In article <xE-ZmTw.ksturts at delphi.com>, Keith Sturts <ksturts at delphi.com>
> I'm not a virologist but am interested in the reason why some families of
> mammals are not susceptible to some viruses, such as the common cold virus
> in humans. It is hard to find this information and I thought some one here
> would know.
>> What is the physiological, metabolic, or other mechanism operating that
> prohibits the common cold virus from effecting dogs, for instance.
>> In those viruses that do or do not attack families of mammals, are the
> cellular considerations, differentials, etc., always the same? (I realize
> that I am hardly using the proper terminology as a layman, but I hope
> most know what I mean.
>> Thanks for your patience and any help you can give me on this subject.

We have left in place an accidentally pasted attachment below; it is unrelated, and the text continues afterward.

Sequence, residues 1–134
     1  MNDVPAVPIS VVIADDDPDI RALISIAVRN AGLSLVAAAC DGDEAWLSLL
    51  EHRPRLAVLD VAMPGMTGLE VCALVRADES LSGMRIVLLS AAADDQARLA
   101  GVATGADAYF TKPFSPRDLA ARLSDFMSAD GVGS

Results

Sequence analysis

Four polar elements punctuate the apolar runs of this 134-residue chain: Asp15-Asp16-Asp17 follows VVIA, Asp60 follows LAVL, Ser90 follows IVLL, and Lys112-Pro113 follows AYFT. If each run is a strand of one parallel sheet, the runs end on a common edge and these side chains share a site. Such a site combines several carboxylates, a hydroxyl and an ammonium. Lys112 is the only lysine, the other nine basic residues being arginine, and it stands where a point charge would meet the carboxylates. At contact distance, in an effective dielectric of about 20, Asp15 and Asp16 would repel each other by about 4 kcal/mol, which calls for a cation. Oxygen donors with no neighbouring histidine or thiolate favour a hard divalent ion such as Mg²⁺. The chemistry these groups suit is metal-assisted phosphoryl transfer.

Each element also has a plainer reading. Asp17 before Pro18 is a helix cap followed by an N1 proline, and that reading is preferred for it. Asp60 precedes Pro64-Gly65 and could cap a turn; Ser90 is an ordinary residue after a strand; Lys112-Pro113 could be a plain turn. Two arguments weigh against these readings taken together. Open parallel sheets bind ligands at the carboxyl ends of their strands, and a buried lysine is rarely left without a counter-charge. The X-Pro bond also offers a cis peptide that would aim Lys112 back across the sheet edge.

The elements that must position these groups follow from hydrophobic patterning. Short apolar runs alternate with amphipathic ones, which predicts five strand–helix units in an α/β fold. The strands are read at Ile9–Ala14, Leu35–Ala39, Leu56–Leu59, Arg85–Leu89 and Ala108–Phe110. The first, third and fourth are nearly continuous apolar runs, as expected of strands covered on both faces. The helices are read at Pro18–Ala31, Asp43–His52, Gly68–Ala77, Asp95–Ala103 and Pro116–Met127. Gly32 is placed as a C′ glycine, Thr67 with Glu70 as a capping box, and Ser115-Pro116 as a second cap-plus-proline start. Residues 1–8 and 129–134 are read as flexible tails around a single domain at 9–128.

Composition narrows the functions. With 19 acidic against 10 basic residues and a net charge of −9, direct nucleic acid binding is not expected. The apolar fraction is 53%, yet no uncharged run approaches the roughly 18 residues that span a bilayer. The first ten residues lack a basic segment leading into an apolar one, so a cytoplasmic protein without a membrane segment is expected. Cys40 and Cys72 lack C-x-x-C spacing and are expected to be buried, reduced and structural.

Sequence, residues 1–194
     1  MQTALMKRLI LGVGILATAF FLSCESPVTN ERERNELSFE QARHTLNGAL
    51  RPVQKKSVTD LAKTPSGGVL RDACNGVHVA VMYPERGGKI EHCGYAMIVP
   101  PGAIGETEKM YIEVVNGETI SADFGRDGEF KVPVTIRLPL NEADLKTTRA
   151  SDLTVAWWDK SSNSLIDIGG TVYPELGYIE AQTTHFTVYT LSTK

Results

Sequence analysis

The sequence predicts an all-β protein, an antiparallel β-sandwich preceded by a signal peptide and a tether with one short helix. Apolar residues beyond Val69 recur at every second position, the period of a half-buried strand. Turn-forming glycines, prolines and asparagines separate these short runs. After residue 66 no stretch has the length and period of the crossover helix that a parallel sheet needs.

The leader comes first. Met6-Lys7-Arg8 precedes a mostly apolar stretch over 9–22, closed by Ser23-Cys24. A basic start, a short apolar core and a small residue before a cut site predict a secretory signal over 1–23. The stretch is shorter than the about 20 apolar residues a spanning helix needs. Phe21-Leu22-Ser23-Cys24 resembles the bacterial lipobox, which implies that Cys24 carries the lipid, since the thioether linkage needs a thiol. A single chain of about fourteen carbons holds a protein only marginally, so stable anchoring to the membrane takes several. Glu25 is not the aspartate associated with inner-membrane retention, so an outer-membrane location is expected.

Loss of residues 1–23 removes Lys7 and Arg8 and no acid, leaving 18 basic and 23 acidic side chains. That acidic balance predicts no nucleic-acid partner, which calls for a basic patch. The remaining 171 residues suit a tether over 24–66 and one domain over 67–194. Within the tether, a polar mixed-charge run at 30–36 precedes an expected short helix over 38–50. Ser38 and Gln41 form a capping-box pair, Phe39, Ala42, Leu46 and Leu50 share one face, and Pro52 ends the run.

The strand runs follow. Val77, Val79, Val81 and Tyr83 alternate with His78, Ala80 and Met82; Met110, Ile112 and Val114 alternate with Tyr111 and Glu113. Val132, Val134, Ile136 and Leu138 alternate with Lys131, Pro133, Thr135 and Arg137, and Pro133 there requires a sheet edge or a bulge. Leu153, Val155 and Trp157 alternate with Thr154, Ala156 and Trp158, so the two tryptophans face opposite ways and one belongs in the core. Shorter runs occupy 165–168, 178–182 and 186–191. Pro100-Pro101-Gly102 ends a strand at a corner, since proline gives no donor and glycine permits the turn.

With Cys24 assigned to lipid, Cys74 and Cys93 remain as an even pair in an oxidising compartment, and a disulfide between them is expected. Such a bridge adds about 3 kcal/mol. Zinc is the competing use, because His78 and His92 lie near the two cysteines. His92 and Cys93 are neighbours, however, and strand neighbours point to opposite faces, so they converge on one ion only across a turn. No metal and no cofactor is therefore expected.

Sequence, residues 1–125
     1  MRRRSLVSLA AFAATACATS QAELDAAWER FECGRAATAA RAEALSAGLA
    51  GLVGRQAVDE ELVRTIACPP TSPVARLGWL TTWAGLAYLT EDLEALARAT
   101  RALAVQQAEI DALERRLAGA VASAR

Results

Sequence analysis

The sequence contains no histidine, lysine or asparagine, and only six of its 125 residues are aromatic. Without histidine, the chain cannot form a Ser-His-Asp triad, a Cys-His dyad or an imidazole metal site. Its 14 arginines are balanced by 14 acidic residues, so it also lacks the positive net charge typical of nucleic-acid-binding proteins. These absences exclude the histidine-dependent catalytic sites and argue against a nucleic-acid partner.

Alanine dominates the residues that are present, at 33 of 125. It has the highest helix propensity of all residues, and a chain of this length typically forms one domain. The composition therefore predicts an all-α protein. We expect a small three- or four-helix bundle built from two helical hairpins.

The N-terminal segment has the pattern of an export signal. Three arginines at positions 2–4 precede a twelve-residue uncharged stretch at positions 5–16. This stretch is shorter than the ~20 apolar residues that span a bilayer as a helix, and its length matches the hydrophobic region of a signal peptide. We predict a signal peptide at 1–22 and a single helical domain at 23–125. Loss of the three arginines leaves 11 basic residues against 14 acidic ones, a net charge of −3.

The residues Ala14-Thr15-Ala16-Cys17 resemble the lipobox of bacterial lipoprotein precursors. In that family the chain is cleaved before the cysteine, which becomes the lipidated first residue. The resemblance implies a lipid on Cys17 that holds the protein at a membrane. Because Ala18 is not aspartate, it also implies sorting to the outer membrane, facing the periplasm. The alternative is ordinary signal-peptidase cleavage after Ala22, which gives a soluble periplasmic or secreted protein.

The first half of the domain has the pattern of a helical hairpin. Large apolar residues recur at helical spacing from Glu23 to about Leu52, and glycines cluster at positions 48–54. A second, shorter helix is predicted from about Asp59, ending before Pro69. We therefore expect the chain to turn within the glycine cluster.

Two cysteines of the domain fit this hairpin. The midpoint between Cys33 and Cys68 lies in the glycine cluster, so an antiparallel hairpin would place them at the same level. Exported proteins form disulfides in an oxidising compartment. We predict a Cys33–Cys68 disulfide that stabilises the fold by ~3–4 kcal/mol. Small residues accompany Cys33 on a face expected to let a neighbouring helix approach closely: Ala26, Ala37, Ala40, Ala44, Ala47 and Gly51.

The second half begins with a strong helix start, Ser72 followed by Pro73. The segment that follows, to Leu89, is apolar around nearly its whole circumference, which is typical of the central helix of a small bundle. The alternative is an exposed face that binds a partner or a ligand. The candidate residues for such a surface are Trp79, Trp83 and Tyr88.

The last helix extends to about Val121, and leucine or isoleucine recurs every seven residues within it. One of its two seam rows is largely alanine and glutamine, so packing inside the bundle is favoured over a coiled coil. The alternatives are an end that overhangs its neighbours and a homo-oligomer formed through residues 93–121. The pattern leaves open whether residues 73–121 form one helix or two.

>> Keith Sturts
Keith, I hope this answers your question ----
The infection of a cell by a virus requires the binding of a protein on
the virus's surface to a receptor on the host cell. Without this
interaction, the virus is unable to enter the host cell and replicate.
The viral receptor-binding protein varies among strains of virus, and it
is instrumental in determining the host range of a virus -- ie, if an
animal doesn't express the receptor to which the virus must bind, then the
animal cannot be infected.